Michael Baird and his family, who live in Brigham City, although not American Indian themselves, have assisted with various powwows for many years. Baird used to work with children from the Intermountain Indian School and would often bring them to his home
"You get a lot of students who come to Utah, then stay," Baird said. "Some
LDS Church. Others marry members of other tribes or come looking for work. Many may be here because they worked at the Intermountain Indian School many years ago."
In Utah, American Indians live in every county except Rich. Utes live mostly
in Uintah County, which is home to 1,766.
Salt Lake County is home to a variety of tribes and has the largest number of Cherokees, Chippewas and Latin American Indians, and half of the state's Navajos — 7,293 — live in San Juan County.
The tribes with the most numbers have tribal lands inside the state. In addition to the Navajos and Utes, other tribe members with significantnumbers include Cherokees, with 736; Paiutes, with 668; Sioux with 655; Shoshones, with 619; and members of various Latin American tribes, with 599.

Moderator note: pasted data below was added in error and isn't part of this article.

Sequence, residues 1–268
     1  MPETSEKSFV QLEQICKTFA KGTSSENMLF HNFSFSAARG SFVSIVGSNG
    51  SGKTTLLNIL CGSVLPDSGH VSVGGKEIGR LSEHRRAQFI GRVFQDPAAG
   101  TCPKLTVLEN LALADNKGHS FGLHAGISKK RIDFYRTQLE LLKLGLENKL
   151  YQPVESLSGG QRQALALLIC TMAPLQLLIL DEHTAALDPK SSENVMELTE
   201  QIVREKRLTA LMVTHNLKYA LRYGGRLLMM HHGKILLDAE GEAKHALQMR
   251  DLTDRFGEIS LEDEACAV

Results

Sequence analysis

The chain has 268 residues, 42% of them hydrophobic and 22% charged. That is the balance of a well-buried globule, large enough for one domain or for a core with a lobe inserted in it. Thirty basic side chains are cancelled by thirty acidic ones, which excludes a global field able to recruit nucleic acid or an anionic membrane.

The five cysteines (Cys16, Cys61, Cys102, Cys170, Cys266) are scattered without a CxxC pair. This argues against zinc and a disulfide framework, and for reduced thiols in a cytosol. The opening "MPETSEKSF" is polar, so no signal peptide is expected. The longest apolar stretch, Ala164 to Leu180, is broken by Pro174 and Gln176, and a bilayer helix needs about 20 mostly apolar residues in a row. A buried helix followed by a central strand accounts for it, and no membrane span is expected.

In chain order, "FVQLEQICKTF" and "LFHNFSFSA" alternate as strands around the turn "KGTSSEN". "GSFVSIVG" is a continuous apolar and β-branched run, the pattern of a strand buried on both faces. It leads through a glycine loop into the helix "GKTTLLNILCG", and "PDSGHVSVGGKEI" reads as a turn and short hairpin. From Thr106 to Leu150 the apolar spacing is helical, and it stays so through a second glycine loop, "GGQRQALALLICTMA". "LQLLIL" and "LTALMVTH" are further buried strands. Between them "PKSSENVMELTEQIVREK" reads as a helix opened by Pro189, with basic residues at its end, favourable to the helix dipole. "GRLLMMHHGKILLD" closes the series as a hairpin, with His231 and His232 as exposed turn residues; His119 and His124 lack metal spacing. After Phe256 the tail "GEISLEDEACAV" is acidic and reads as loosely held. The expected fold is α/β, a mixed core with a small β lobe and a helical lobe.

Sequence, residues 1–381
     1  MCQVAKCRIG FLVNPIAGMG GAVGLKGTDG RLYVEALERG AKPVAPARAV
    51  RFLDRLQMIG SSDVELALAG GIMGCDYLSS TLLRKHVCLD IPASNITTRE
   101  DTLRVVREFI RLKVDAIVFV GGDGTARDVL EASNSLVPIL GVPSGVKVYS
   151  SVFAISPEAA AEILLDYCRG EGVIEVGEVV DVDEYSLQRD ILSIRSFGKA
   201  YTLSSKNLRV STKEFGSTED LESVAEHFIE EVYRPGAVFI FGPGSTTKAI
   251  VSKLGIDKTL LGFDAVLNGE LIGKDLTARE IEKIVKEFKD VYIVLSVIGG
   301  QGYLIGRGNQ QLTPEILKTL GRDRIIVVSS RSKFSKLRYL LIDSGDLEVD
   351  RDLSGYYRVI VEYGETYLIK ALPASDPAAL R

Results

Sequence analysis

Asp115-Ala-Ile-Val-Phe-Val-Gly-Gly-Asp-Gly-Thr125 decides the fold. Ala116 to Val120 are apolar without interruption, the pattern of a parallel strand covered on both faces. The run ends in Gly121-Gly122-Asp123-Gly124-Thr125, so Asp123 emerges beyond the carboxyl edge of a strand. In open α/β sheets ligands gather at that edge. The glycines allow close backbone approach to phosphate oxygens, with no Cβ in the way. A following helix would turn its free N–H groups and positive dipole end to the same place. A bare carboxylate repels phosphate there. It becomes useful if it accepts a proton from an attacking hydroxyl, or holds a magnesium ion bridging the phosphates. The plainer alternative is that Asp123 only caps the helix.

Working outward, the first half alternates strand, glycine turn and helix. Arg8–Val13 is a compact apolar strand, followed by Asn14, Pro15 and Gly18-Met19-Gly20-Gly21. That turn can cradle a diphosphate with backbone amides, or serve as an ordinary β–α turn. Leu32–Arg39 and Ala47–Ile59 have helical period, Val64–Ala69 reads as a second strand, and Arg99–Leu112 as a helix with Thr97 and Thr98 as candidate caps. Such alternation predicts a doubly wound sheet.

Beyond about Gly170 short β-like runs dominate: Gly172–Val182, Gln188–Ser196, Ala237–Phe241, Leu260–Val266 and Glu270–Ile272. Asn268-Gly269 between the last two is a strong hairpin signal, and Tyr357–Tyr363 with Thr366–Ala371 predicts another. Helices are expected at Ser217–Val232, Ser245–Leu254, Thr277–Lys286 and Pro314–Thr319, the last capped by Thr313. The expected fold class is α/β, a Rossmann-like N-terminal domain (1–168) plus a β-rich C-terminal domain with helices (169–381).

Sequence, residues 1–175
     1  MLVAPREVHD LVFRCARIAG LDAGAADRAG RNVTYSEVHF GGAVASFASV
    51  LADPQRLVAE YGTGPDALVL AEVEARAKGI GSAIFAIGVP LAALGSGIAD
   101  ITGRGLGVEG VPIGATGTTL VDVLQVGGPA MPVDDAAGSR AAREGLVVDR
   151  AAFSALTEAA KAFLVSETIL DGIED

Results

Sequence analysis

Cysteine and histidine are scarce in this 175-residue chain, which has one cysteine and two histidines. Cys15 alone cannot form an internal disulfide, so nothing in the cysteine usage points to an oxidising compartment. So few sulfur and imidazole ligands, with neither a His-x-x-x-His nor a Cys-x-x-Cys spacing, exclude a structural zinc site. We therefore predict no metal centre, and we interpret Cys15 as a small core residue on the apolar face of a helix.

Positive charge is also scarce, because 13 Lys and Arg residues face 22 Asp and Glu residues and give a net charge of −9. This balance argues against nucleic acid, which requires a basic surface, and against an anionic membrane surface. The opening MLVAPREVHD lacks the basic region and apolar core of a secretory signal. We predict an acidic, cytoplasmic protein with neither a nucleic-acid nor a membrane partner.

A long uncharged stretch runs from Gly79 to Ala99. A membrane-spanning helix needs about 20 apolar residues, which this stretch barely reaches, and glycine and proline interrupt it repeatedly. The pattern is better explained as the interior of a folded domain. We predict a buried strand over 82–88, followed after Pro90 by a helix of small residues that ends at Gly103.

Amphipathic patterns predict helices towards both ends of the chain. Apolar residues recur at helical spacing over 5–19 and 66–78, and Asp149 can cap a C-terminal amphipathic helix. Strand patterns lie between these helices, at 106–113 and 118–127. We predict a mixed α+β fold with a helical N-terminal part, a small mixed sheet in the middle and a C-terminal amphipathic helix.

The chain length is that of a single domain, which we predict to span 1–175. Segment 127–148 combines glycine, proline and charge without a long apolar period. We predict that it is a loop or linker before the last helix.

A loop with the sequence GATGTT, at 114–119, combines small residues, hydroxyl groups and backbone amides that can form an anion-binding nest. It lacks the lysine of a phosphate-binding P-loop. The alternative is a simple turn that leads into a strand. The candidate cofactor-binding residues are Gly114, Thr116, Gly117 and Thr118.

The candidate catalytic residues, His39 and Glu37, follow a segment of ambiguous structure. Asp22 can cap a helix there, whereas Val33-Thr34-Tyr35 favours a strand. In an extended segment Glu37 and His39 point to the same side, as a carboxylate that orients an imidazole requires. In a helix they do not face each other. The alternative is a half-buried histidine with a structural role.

The Goshutes are not listed as a tribe on current census reports, but the population of the Goshute Reservation was 90.
After that, the numbers begin to tail off — with the Apaches, Chippewa and Choctaw making a relatively strong showing — until you get to the Houma tribe with only one Utah member.
Alaska Natives are smaller in number than American Indians, but according to the 2000 Census, there were 75 Eskimos in Utah — more Eskimos than Kiowas, Seminoles and Menominees combined.
Contributing: Jerry Johnston